Wind energy’s biggest expansion hurdle is not a lack of supply or demand. Or even local wildlife.
It’s a matter of getting the energy from the turbine to the consumer.
American wind power development may have to be curtailed by as much as 15.5 percent in some areas without additional transmission lines and upgrades to existing infrastructure, according to a January report by the U.S. Department of Energy’s National Renewable Energy Laboratory.
If just four proposed transmission projects are built, wind power curtailment could be reduced by about half, cutting lost generating potential to less than 8 percent, the study found. Curtailment could be cut further if additional projects are developed, but those projects come with diminishing returns.
But additional transmission lines cannot simply go online overnight. The permitting processes vary from state to state and among the country’s eight regional transmission organizations.
WIND GENERATES 19 PERCENT
The Southwest Power Pool handles the energy grid and wholesale electric market for 550,000 square miles across 14 states. The regional transmission organization is based in Little Rock, Ark.
In February, the Southwest Power Pool became the first grid manager in North America to serve more than half its customers at one time with wind power, for a five-minute increment. Electricity generated from the wind accounts for up to 19 percent of its generating capacity, up from about 1 percent a decade ago.
The organization approved 13 transmission line upgrades in January as part of a 10-year planning portfolio. The new infrastructure will include electricity from renewable and nonrenewable resources and is in response to growing demand for power.
“It’s a Catch-22 for us,” Southwest Pool Power vice president Lanny Nickell said. “If we can slow down how many renewables are added, we can catch up. That’s the key question for us.”
‘ALWAYS FLOWING, ALWAYS MOVING’
Michigan-based ITC Holdings Corp. also is examining long-term planning options to accommodate infrastructure needs.
“I like to think of the planning process as like a river,” said Alan Myers, ITC holding director of regional planning. “It’s always flowing, always moving and not always noticeable by the public.”
ITC Holdings has 5.8 gigawatt-hours of wind-generated electricity running through its transmission lines in Kansas, Oklahoma, Michigan, Iowa and Minnesota. Each state runs on a different permitting timetable.
The Kansas Corp. Commission can take up to 120 days to issue a transmission siting permit. Some states do not require siting permits.
“A number of states have some sort of central process where you have to prove the need and show the route,” Myers said. “There’s pluses and minuses to both, and we’ve built lines in both types of states.”
Transmission lines should be properly vetted by regulators because the infrastructure will last for many years and it’s important that companies get it right, he said.
Although Southwest Power Pool’s pending transmission line upgrades are slated to address congestion in developmentally constrained areas such as southwest Missouri and West Texas, wind farm projects of all sizes are still feeling the short-term infrastructure pinch, prompting energy companies to plan their sites accordingly.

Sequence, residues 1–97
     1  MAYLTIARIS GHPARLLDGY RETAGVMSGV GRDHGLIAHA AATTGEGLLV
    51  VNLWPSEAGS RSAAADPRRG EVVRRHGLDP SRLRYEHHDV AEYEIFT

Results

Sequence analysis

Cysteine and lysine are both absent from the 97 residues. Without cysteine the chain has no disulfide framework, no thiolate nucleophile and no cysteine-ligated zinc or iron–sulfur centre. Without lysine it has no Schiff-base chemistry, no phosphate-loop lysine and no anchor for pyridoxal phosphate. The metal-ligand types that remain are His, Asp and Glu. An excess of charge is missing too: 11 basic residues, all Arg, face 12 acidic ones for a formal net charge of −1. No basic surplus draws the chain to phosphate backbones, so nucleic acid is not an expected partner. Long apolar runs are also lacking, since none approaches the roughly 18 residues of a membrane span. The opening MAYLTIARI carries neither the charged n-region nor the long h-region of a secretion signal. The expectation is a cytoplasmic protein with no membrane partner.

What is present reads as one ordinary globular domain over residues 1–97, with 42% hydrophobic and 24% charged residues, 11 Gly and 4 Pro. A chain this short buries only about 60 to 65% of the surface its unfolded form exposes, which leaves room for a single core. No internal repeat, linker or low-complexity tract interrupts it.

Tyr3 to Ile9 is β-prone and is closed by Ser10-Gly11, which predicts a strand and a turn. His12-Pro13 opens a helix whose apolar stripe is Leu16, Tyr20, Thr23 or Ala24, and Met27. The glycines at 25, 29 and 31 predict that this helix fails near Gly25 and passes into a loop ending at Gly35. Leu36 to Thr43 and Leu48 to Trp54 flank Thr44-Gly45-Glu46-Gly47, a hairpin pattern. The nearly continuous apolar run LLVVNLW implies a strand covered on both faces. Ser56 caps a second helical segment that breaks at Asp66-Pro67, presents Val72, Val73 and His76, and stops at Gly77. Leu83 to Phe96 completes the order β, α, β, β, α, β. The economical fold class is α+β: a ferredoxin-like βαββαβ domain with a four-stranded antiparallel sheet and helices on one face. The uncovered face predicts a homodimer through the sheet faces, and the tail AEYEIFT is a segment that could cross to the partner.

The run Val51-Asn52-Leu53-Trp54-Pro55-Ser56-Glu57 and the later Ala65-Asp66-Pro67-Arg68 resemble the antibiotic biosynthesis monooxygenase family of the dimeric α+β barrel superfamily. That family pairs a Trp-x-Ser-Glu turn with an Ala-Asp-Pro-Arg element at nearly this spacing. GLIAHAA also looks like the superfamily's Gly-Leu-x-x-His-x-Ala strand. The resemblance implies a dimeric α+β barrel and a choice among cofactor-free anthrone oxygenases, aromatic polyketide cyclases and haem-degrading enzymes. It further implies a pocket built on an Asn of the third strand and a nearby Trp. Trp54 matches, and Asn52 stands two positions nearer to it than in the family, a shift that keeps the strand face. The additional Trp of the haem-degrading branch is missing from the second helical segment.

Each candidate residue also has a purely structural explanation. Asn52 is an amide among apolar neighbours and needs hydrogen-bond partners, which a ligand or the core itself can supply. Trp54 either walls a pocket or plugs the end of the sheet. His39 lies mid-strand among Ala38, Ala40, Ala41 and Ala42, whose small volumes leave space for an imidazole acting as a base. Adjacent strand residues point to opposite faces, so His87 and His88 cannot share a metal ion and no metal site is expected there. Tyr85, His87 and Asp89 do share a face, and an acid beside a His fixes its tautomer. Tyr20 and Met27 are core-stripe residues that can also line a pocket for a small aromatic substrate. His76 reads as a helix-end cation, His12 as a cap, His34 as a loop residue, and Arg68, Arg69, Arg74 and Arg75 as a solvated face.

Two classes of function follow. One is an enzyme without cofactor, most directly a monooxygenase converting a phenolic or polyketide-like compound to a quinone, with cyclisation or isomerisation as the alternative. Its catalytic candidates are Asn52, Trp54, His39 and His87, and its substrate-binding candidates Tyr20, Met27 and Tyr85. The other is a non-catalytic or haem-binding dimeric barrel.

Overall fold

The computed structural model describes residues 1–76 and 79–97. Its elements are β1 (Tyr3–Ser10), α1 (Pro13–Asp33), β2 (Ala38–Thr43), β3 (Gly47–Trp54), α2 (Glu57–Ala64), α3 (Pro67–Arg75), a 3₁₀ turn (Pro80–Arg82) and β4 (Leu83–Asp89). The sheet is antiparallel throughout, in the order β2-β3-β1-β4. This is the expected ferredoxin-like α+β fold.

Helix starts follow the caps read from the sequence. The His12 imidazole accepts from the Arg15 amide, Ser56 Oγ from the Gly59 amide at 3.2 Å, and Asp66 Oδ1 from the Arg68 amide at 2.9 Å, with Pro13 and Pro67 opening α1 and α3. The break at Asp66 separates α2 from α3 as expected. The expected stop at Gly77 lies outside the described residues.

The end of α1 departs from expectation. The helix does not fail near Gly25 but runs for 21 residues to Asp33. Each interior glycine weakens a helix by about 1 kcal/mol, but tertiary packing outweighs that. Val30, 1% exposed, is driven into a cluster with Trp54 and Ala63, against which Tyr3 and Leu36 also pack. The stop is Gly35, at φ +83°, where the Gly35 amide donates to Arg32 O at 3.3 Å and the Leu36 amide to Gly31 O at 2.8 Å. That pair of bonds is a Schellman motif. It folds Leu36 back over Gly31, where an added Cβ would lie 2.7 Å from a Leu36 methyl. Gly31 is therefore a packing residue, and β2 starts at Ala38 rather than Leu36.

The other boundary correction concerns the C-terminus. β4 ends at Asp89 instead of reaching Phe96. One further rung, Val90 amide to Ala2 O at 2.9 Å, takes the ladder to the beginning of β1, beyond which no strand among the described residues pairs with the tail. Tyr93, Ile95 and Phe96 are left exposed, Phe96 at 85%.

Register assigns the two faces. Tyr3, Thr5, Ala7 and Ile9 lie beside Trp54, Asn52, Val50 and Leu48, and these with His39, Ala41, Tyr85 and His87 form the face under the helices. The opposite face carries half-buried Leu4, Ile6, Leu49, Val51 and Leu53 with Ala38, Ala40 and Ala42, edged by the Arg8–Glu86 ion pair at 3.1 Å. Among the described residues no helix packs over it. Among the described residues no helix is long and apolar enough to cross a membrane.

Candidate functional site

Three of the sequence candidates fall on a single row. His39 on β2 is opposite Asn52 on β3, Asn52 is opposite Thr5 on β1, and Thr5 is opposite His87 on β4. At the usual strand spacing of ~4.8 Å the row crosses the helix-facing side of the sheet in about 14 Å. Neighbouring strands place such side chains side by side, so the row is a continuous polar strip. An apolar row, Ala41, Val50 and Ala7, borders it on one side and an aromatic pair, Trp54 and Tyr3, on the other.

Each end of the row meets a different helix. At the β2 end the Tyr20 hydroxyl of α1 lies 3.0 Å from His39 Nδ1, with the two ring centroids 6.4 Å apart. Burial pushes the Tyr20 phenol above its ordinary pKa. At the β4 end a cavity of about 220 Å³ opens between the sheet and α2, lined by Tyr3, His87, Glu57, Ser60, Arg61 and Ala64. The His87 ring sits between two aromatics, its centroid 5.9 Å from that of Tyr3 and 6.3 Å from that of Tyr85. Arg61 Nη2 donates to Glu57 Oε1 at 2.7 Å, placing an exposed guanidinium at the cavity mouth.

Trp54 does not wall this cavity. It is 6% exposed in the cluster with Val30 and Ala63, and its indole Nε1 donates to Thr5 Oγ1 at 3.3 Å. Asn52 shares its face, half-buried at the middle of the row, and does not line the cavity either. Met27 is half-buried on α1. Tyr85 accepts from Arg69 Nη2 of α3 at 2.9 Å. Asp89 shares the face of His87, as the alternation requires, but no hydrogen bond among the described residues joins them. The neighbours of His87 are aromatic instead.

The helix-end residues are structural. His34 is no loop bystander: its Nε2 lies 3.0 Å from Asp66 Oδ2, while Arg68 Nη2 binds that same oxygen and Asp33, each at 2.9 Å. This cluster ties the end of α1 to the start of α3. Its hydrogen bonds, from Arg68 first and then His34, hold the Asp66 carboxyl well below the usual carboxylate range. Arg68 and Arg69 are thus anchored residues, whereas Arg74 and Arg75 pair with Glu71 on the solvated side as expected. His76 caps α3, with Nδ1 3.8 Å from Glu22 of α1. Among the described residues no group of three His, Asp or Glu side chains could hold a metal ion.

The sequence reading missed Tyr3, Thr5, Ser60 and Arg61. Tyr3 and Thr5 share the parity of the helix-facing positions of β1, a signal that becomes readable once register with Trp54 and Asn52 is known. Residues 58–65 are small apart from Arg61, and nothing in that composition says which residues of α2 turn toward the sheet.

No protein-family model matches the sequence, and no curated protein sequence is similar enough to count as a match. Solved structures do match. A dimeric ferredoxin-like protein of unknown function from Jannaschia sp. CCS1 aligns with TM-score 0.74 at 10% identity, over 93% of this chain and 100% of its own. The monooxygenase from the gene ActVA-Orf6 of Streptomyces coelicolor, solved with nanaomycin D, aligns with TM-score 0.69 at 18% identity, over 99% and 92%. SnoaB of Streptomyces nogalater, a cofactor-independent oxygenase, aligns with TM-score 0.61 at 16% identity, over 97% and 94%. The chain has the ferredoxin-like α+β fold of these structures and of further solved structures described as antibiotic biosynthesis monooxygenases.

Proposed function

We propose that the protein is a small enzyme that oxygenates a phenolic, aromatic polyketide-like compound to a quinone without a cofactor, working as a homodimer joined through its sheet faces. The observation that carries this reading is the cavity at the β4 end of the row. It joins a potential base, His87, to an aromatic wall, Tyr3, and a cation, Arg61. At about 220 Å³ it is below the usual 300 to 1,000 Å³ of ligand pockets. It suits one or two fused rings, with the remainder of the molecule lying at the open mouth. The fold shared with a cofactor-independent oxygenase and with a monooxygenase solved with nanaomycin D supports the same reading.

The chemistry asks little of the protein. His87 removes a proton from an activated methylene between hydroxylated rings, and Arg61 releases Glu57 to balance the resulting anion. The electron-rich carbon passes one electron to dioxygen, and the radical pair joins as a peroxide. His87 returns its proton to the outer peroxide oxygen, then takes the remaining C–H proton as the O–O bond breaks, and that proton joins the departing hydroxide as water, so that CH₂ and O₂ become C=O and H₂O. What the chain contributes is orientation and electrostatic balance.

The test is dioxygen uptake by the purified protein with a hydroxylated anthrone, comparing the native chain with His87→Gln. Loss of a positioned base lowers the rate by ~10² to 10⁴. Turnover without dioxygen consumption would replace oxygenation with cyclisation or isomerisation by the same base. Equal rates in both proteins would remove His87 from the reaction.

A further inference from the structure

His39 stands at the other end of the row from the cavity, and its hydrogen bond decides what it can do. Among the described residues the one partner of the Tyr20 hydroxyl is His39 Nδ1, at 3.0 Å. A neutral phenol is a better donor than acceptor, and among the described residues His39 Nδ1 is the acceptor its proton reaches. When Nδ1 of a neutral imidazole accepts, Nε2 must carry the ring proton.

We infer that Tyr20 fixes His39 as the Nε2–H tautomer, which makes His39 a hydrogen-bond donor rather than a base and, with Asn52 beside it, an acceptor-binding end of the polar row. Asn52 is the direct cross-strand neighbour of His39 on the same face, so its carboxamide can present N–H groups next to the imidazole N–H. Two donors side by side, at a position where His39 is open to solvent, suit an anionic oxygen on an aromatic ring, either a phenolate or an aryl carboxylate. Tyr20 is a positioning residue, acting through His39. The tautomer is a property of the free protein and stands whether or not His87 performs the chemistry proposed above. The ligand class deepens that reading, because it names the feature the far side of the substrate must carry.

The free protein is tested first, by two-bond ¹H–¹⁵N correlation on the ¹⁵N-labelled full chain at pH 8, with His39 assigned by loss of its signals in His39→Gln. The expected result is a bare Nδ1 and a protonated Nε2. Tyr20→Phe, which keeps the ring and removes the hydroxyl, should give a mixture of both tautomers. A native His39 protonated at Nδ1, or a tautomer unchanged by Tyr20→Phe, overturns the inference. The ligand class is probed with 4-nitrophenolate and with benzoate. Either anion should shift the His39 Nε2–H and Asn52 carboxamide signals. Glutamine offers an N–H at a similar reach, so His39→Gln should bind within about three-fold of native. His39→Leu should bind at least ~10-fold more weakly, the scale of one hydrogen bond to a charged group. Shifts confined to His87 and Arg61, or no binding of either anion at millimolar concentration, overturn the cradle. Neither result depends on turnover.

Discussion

Corpus Christi, Texas-based Amshore US Wind is among the entities that work with Southwest Power Pool as one of the developers of Frontier Windpower Project. The 61-turbine wind farm is near Blackwell, Okla., and went online late last year.
The 200-megawatt site generates enough power for about 60,000 homes and was developed for a 22-year power purchase agreement with City Utilities of Springfield, Mo.
Amshore US Wind has wind farms in Iowa, southern Texas and northern Mexico and surface leases for 57,000 acres in Osage County, Okla. Amshore is conducting feasibility studies on an additional proposed wind farm site in Osage County.
ROOM ON THE LINE
Amshore vice president Jeff Neves wrote in an email that many local factors affect whether a project is economically feasible, including local willingness to participate and support clean domestic energy development, environmental impacts, wind resource and siting constraints.
Infrastructure is necessary to get electricity to the market, just as it’s required for oil and natural gas commodities.
“But the most important component is access to transmission, and transmission that has secure and substantial enough capacity and room on the line in order to support a utility-scale power project,” Neves wrote.
Southwest Power Pool spokesman Derek Wingfield said the 13 new transmission projects approved this year aren’t the ultimate solution to ending wind congestion in the Great Plains.
“We’re not done, but it’s an ongoing process as the grid evolves,” he said.
Lenzy Krehbiel-Burton is a freelance reporter. Sarah Terry-Cobo, a reporter for The Journal Record of Oklahoma City, a sister BridgeTower Media publication of Lehigh Valley Business, contributed to this report.